Author Archives: 1920rudy
Every year, the month of August marks a sad occasion for the Valentino Community the death of a silent film actor that we all know, respect and love – Rudolph Valentino.
Generations of fans alike from all corners of the globe will come together physically and virtually to mark the passing of a true talent and legend. The memorial service comes to serve us all as a reminder to pause and remember that he has never been forgotten. The purpose of this blog has always been to give the viewer a glimpse into a yester-year. A bygone era of photos, newspaper headlines, articles that give us something new and different to savor and perhaps bring us all a little closer as a community should. But its important to know there are dedicated and humble people who work behind the scenes each year to ensure the Annual Rudolph Valentino Memorial Service is done in a fitting and respectful manner in tribute to one we all come together and celebrate and mourn the passing of a wonderful silent star whose light will never dim. To Tracy Terhune, Ms. Stella Grace and others, I wanted to take a moment to thank you for all that you have done and continue to do. On 23 Aug 18, 1315 PST, Los Angeles California, Hollywood Forever Cemetery 91st Memorial Service physically and virtually the Valentino Community will once again come together I will see you there.
Executives and employees in United Artists Studio Los Angeles and at the New York home office will cease work for five minutes at noon tomorrow in tribute to the memory of Rudolph Valentino, who died Aug 23. 1926. Friends will attend a memorial mass in Hollywood, followed by ceremonies at the crypt of Valentino in Hollywood cemetery.
In this morning’s mail arrived a letter and an enclosure which leaves me gasping. The note to me reads “I couldn’t find Mr. Rudolph Valentino’s address, so I am writing him in your care. Will you kindly forward it to Mr. Valentino. Thank you.” The enclosure reads “Dear Mr. Valentino, Congratulations! I saw your performance in The Son of the Sheik and thought you were grand. This is the first picture I ever saw in my life, and I hope to see every picture you make from now on. Keep up the good work!” I am still trying to decide whether there actually is someone ignorant of Valentino’s death or whether I am being ribbed.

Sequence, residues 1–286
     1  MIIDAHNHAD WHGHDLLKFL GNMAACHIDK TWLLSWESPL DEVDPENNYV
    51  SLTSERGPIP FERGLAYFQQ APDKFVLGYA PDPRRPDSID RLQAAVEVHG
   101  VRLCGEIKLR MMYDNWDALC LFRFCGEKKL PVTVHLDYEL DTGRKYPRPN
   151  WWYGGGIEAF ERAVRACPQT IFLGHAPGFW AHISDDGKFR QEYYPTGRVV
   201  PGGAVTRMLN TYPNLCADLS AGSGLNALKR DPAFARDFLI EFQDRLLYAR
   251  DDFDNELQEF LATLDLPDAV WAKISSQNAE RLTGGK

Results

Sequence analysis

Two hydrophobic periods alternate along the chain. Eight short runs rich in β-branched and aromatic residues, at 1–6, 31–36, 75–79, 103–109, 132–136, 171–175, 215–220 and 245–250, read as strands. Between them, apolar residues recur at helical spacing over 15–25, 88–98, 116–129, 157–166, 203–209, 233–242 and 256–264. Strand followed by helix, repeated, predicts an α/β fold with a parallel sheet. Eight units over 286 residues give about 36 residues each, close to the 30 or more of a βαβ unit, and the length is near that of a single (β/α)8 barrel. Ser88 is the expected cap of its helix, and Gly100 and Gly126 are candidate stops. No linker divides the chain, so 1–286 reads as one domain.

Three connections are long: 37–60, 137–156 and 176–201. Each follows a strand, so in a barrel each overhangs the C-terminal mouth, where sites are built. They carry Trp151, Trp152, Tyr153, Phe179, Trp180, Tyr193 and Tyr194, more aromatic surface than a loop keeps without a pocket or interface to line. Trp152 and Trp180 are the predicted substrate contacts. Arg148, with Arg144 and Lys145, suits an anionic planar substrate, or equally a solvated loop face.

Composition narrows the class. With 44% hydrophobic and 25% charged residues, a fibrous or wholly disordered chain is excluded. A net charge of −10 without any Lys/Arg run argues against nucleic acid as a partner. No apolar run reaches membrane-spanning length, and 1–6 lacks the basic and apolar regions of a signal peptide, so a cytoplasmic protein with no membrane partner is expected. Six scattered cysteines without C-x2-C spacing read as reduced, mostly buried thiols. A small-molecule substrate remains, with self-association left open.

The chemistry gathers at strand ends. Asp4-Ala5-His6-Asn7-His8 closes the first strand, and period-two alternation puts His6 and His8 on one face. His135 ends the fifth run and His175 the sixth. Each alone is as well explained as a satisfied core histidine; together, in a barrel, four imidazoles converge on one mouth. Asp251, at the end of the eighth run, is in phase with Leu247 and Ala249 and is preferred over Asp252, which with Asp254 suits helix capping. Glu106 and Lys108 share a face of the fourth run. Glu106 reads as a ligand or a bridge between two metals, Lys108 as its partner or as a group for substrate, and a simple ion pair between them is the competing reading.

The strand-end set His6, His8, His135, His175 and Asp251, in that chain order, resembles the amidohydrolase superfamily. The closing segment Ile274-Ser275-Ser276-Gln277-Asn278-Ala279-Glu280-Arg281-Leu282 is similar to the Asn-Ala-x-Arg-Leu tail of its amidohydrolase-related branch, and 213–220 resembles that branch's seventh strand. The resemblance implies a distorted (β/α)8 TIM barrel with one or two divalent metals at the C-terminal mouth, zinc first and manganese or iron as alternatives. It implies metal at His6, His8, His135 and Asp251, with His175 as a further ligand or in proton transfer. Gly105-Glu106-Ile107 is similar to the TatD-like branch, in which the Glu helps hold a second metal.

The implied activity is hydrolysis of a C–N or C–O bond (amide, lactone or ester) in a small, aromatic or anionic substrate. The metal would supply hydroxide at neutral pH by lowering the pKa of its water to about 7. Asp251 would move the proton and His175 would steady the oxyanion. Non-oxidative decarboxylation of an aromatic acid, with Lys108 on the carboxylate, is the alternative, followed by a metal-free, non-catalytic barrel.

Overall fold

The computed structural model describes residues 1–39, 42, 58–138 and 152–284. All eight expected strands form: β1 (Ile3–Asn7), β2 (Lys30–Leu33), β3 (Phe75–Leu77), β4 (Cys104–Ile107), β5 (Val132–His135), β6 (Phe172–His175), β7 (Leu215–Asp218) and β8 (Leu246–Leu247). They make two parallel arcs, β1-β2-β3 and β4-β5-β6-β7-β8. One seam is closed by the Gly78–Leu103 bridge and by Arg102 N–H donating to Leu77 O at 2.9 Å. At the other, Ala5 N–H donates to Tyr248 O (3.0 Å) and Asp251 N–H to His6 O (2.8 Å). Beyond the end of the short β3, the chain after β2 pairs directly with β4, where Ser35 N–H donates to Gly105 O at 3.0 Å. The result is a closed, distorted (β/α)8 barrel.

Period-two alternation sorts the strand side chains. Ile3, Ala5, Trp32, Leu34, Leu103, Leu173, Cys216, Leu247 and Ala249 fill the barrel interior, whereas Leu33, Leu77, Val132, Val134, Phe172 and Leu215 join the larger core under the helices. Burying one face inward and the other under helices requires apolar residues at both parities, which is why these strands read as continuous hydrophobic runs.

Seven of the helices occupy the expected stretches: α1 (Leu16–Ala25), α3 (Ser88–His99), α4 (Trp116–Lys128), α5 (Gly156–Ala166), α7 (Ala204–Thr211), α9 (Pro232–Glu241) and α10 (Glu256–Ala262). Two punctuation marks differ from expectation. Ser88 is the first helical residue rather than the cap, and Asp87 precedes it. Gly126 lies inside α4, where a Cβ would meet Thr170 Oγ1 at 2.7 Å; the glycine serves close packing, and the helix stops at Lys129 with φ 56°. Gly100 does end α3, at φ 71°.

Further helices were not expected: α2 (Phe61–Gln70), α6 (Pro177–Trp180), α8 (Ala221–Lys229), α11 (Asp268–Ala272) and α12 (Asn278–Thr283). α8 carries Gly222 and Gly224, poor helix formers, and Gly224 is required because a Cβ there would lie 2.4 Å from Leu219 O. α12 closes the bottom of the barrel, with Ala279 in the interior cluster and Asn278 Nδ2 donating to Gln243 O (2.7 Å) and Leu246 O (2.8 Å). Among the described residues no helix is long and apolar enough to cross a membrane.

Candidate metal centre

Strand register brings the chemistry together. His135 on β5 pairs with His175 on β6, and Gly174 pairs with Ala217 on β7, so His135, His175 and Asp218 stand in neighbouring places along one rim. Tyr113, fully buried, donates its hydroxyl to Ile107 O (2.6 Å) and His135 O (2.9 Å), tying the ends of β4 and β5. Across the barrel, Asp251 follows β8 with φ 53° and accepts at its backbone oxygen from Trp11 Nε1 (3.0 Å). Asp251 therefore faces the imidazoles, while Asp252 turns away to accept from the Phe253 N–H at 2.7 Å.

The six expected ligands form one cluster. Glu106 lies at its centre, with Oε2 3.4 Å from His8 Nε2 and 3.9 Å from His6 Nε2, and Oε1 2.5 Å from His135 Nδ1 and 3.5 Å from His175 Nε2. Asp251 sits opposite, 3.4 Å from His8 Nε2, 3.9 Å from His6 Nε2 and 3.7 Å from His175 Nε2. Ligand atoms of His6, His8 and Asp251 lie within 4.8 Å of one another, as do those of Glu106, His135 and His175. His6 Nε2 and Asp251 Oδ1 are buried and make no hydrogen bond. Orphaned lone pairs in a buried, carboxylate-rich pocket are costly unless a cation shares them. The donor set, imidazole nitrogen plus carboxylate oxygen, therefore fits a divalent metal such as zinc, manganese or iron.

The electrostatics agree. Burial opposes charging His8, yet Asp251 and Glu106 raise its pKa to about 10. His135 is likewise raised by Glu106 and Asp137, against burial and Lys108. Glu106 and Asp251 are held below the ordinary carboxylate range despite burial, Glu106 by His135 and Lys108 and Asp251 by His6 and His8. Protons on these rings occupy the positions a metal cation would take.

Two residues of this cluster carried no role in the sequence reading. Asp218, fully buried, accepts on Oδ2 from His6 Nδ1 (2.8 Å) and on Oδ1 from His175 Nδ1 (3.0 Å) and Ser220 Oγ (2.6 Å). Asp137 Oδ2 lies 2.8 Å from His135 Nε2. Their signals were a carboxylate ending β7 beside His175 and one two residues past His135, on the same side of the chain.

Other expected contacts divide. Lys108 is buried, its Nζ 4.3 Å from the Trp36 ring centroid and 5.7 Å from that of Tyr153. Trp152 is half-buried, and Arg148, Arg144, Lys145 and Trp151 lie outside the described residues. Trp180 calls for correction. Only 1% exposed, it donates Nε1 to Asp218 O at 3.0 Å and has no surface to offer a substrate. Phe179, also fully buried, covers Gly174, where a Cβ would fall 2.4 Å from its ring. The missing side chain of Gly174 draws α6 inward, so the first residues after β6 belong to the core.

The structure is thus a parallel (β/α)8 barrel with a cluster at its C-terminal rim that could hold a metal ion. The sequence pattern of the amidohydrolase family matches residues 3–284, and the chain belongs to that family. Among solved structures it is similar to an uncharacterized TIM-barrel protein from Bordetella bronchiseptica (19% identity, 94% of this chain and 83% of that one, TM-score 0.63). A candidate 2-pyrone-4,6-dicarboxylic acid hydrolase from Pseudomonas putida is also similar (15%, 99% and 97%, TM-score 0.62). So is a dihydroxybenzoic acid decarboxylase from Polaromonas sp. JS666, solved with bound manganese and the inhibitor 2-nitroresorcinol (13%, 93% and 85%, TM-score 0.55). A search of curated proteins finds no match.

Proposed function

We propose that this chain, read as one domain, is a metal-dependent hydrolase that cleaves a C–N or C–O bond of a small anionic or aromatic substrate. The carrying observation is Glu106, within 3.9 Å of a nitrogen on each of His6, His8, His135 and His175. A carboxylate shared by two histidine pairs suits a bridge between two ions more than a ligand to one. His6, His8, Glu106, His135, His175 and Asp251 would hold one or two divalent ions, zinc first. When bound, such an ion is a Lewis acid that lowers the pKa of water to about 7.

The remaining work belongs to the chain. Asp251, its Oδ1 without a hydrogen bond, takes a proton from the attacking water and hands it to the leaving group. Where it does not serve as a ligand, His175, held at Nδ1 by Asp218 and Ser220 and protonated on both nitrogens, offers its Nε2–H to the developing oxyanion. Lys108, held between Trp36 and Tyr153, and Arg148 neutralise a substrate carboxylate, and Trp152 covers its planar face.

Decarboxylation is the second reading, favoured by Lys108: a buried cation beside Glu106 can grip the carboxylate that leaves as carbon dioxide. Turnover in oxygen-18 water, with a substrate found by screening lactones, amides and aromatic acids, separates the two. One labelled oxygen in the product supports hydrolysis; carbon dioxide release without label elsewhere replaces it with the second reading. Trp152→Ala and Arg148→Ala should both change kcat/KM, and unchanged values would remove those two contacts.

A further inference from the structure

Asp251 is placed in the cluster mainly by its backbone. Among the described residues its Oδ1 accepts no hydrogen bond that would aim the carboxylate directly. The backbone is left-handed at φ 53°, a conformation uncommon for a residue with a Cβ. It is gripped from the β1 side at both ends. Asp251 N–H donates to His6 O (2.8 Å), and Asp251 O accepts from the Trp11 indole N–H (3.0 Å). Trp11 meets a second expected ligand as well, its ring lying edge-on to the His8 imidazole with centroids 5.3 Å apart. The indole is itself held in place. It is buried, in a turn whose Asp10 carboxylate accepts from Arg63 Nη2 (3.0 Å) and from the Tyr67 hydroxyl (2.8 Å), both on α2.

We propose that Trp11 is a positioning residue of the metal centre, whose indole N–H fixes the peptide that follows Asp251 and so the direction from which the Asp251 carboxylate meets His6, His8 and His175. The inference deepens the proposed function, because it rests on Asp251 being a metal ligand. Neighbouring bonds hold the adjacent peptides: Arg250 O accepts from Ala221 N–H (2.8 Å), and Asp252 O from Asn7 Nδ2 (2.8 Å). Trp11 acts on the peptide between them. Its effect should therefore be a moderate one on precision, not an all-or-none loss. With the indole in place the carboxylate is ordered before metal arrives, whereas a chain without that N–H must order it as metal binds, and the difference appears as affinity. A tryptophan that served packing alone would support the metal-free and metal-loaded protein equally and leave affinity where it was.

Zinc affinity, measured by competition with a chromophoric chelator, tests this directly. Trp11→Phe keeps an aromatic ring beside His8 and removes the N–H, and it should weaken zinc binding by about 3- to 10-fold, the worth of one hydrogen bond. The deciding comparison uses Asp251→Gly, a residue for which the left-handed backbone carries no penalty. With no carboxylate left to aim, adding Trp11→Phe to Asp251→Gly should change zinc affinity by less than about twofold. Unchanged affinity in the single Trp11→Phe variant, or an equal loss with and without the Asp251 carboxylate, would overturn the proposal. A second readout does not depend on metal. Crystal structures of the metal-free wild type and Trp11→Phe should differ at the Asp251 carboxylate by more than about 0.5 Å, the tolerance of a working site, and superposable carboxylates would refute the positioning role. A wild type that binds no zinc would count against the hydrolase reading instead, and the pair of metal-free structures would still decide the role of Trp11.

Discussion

After his death long after his death some 30 women claimed to have given birth to his babies. The symbol lingered on. This would have disgusted Valentino, but there was another item, had he been able to hear it, that would have given him utmost satisfaction. It was at the funeral of one-time world’s heavyweight champion James J. Jeffries viewed the glamorous gloom, the overpriced coffin, the hundreds of veiled women and said “Well, he made good”…
Three weeks before his death at 31, Rudolph Valentino took stock and observed. “Life is too fast for me. A man should control his life. My life is controlling me.” Rudolph Valentino life was viewed thusly: vain, lazy handsome, well-built, slender, good-tempered. He wanted to make good and he wanted to make good in the he-man, two-fisted, bronco busting, poker-playing, stock-juggling America. But they called him a “pink powderpuff” of a man. Rambova didn’t though. The great lover was Natacha Rambova’s her man all hers. She molded him the way she wanted him. She drummed into him her philosophies, her moods. She was one of the “controlling factors” in the short but reasonably happy life of Rudolph Valentino. Rambova was a far more interesting and colorful figure than the legendary Valentino. She possessed amazing talent and a tremendous mind. Above all else she was an artist, a ballerina, a painter, an actress, designer, writer. Her maxim was “self-expression through art is the only worthwhile thing in life”. A writer said “Natacha didn’t need suggestions only obedience. When she gave a decisive judgement, anyone who countered was always wrong because she was always right. This was the second wife of the sometimes simple often lonely Valentino “the cinematic symbol of primitive love”. They were married about two years and most probably in love the entire time. Valentino worked Natacha for her brains, her beauty and she respected his talent and achievements. Men were jealous of him and envious. He lived a life that could have been better lived if the choices he made were based on thought rather than emotion.